Finally, studies have shown that African Americans are also more likely to have twins. On the other hand, Asians and Native-Americans have a much lower twinning rate. 


In addition to body weight and composition, height also matters. Fraternal twins occur more frequently in tall and large women, rather than petite ones. 

Although the exact reason is still uncertain, it’s thought to be related to nutrition. The twin rate decreased during World War II when food was scarce. 


Women who get pregnant while breastfeeding can also increase the twin rate. Results showed 11.4 percent of nursing mothers had twins, compared to 1.1 percent during normal pregnancies.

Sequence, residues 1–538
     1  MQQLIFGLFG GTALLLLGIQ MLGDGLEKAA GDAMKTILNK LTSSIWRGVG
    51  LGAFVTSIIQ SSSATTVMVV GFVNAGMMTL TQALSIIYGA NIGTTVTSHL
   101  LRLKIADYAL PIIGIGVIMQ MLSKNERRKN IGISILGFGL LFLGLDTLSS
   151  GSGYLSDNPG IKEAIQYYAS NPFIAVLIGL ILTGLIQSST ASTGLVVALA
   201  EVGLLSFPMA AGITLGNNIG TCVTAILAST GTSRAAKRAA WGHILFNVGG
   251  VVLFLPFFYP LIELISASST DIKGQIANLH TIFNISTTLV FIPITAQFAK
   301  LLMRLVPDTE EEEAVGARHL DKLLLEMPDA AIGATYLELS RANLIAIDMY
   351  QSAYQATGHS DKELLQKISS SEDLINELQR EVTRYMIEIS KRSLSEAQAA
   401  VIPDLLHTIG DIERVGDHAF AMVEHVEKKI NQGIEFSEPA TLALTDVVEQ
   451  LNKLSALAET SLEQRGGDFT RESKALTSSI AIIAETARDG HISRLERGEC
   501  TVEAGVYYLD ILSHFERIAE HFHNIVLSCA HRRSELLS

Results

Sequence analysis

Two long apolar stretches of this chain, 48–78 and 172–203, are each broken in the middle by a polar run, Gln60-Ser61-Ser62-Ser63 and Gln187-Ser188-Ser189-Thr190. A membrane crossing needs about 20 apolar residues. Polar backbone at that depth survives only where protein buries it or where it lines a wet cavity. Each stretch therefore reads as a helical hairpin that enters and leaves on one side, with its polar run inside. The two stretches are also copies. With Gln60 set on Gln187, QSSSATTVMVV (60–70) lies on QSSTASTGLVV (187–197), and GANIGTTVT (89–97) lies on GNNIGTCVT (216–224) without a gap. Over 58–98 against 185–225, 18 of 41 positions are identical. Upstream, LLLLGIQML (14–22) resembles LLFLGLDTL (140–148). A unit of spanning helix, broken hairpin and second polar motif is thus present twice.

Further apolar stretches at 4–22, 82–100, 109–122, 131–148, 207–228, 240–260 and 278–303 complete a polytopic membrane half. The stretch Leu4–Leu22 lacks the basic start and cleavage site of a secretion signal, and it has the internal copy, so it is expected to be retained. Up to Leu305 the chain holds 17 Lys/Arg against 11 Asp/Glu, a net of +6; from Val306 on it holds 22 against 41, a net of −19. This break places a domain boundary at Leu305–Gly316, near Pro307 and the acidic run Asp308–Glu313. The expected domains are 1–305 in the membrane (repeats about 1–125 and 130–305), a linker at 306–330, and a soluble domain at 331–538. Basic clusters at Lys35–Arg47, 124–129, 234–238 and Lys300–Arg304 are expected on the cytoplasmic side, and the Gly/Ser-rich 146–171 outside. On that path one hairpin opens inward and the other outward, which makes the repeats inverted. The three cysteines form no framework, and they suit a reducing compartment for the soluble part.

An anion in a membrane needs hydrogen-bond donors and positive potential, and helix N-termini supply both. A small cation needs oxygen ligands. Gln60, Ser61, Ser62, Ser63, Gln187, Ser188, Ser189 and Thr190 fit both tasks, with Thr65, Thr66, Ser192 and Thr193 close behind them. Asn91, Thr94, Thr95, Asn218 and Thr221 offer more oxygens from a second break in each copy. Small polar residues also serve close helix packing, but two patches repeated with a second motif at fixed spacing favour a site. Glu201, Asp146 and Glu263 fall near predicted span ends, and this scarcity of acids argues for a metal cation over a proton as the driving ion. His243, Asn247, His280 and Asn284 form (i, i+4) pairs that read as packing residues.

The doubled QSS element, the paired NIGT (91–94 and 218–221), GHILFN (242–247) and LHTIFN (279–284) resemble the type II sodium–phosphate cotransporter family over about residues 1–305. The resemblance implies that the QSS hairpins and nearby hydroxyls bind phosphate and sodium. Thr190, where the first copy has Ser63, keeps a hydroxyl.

Age and Previous Children

Women over 30 years old tend to produce more Follicle Stimulating Hormone or FSH in response to lower fertility. This stimulates the ovaries, and when producing several eggs within a cycle, it can lead to a higher chance of conceiving twins.

On top of that, having previous children also amplifies the odds of having twin babies. Let’s take the example of a 35 to 40-year-old mother with four kids. She is three times more likely to have twins, compared to a 20-year-old woman without children.

In Vitro Fertilization, or IVF

This procedure is often used when natural reproduction isn’t possible or is difficult. Most IVFs consist of artificially inseminating a fertilized egg into the mother’s womb. 

Most of the time, several eggs are inseminated to increase the success rate. Almost 10 percent of these pregnancies result in having twins with women younger than 35 years old. This operation is human-made, and of course, doesn’t involve genetics.